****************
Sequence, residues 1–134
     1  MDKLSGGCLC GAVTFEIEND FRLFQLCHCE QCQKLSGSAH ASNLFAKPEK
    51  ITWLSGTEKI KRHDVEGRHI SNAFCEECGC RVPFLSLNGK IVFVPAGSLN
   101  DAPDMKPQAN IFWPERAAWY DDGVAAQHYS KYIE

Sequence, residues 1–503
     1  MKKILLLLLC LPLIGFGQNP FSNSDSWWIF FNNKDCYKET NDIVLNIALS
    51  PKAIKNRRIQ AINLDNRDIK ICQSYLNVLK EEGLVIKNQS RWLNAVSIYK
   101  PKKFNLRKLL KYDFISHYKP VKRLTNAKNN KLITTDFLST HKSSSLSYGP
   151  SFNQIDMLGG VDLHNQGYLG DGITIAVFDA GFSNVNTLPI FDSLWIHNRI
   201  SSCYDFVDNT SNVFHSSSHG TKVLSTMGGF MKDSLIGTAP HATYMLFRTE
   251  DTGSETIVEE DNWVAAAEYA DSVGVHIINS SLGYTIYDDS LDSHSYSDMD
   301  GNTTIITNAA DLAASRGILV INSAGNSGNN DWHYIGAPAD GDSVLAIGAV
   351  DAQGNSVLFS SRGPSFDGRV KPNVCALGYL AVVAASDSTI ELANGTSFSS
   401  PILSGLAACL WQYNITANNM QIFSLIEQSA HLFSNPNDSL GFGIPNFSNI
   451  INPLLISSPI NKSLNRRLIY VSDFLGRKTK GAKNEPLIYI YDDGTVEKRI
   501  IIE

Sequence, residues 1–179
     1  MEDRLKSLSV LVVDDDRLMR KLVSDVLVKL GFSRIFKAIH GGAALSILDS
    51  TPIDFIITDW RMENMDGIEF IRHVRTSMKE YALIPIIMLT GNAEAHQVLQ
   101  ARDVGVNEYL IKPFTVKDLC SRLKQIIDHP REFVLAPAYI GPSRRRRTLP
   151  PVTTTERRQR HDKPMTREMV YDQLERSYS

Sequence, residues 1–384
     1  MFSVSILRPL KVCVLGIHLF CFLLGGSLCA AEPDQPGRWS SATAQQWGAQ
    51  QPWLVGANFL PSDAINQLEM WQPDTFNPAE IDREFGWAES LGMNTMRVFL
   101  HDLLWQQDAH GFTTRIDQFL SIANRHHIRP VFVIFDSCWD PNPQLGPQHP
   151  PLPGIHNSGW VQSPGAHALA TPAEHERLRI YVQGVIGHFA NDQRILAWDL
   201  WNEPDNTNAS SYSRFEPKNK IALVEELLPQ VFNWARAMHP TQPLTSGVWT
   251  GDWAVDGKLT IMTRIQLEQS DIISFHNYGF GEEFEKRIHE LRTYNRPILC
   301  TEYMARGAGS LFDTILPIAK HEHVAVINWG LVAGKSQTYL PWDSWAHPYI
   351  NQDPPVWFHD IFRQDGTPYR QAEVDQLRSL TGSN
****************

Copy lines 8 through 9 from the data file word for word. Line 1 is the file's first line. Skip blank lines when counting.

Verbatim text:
   101  PKKFNLRKLL KYDFISHYKP VKRLTNAKNN KLITTDFLST HKSSSLSYGP
   151  SFNQIDMLGG VDLHNQGYLG DGITIAVFDA GFSNVNTLPI FDSLWIHNRI